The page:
If I have one complaint itís that the ball can sometimes become lost in a mess of players after a few deflections and itís difficult to pick it up. I think EA should have highlighted the ball somehow.

In terms of visual accents, I created my entire roller hockey team (the RWO Rockets) and I had no problem making the exact characters on my team. Itís a ton of fun to see them out there so well represented. Also, when you catch a gamebreaker the screen will turn a shade of dark blue and the movements of the players will have a slight motion blur to them. This looks really cool and definitely beats the stale ďon fireĒ look.


Trash talkiní! Everywhere! And for a street game, EA Big made all the right choices on the smack delivery out on the field. I find myself laughing at some of the wicked lines that come out of the players' mouths.

As for a soundtrack, thereís a solid variety of tuneage for the menu screens and the X-Ecutioners provide a solid in game soundtrack that thankfully doesnít feature any voice work. This is a very smart move by EA Big as any music with vocals wouldíve drowned out the smack talkiní on the field. Also, the fast-paced GameBreaker sound track really gets you in the mood.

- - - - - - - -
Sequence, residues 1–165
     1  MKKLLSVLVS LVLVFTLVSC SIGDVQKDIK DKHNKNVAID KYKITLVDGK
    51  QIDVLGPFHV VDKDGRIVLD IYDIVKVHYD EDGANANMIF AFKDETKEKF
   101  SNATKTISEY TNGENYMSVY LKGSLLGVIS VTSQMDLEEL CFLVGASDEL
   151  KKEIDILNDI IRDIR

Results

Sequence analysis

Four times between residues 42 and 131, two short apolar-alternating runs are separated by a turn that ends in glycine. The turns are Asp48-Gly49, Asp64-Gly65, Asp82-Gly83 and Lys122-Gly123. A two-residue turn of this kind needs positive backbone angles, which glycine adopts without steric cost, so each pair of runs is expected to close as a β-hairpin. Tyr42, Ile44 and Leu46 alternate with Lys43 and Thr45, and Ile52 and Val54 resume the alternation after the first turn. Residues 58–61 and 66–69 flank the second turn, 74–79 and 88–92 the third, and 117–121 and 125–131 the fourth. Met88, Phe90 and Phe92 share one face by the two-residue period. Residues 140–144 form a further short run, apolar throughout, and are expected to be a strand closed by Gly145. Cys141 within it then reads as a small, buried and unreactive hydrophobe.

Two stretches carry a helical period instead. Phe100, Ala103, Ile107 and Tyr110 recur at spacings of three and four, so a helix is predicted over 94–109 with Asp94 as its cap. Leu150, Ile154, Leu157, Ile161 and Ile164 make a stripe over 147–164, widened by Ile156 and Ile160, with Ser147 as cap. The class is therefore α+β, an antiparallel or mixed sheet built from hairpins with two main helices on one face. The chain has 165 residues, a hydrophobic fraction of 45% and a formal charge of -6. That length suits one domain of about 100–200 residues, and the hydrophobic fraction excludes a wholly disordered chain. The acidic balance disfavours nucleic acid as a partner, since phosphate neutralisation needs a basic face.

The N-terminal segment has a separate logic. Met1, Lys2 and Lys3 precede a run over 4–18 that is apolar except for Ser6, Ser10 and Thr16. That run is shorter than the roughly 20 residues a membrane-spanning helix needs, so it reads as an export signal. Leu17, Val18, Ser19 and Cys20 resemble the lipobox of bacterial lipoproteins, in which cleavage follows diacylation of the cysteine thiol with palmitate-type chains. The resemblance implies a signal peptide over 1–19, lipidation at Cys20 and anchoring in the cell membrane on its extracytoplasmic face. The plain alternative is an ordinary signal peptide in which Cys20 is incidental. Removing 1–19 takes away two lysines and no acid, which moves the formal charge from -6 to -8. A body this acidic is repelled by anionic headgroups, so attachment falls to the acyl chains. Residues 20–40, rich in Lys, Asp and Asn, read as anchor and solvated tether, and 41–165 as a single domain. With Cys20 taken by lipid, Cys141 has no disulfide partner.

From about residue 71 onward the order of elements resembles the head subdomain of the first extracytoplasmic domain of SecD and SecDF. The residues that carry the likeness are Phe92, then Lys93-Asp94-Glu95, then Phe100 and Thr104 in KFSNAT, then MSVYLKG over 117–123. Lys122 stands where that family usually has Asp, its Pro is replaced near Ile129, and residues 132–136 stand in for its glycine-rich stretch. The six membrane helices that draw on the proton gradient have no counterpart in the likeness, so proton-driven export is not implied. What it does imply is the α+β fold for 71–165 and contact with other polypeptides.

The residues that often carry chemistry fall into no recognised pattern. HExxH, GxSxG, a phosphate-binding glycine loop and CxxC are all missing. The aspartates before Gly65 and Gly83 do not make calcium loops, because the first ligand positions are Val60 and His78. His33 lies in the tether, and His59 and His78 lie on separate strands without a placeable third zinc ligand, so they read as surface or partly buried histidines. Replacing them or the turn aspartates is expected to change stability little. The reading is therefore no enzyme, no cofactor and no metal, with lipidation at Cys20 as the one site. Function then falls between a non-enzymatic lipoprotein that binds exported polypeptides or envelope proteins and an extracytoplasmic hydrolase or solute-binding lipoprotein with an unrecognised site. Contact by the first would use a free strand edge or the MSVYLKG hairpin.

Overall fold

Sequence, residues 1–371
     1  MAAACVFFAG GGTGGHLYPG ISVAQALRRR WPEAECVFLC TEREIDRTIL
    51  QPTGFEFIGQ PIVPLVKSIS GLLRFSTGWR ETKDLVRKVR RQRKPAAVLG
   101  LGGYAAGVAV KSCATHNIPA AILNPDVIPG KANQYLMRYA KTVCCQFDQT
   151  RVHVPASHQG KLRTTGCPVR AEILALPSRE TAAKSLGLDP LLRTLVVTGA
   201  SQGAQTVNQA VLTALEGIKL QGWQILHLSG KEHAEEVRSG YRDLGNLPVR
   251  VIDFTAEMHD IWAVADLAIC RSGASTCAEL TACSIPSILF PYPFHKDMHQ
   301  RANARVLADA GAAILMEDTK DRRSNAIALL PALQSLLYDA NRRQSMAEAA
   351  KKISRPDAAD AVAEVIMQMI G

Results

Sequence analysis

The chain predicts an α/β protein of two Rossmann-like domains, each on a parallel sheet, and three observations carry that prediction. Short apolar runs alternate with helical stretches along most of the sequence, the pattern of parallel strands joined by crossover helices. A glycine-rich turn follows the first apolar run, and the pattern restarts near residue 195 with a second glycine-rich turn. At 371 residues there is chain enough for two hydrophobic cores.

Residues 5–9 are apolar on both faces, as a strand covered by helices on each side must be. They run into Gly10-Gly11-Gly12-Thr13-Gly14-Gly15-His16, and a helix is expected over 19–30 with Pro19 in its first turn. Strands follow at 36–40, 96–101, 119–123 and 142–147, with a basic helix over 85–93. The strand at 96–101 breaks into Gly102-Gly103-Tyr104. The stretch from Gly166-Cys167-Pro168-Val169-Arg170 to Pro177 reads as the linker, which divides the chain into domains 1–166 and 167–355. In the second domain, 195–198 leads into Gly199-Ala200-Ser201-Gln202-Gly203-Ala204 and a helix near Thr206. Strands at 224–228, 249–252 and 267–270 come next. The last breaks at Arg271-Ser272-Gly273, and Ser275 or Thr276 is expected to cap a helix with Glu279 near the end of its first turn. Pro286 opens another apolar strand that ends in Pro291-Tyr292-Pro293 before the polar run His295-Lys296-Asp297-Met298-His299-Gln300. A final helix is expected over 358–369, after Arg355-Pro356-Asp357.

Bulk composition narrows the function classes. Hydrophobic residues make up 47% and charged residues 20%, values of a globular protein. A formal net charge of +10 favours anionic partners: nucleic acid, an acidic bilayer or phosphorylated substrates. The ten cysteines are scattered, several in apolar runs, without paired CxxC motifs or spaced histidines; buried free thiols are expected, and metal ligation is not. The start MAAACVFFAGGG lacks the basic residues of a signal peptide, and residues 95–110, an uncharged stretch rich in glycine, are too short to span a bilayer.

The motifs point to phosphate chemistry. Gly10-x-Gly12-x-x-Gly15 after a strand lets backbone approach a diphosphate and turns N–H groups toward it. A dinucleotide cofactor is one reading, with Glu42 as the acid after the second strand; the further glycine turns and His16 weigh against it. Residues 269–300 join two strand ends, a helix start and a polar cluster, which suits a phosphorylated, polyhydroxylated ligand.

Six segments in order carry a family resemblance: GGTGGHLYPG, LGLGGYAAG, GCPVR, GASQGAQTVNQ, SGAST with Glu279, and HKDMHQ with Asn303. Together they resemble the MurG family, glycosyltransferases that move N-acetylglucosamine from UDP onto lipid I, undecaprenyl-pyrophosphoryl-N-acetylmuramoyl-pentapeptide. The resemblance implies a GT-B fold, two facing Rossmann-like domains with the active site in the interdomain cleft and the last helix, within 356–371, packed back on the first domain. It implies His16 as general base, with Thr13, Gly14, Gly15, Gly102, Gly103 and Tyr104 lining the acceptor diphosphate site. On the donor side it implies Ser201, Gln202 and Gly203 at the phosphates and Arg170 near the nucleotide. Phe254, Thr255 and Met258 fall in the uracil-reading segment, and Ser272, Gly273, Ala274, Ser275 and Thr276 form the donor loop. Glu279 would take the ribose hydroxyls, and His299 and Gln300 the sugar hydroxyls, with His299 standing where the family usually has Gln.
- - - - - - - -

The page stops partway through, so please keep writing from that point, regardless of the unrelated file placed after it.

Every hit, pass, dish, deke, and dive is accented with an over-the-top sound effect. An overall excellent audio experience.


I have one complaint right from the beginning. The switch of controlling players is done all wrong. First and foremost, whether youíre on D or O, the A button in any sports game always controls the player switch. Here you have to use the X button to switch to another player on your team and in the heat of battle that just doesnít work. Also, if the quarterback on either side of the ball dishes out, the control should automatically go to your center back or your wide receiver. Instead, the computer controls the player and you have to tap X in order to get control of the targeted player. This makes no sense because the camera zooms right into the action of the one on one play down the field and therefore the user has no option but to control that player anyway. Also, if itís an arcade game, the user wants control and EA Bigís assumption that the player would want the AI to adjust for the catch or deflection is too much of a Madden thought process. What I donít like is the disjointed feeling from the release of the QB to his receiver or your attempt to stop a play as a CB. It just doesnít feel right and affects the play for me.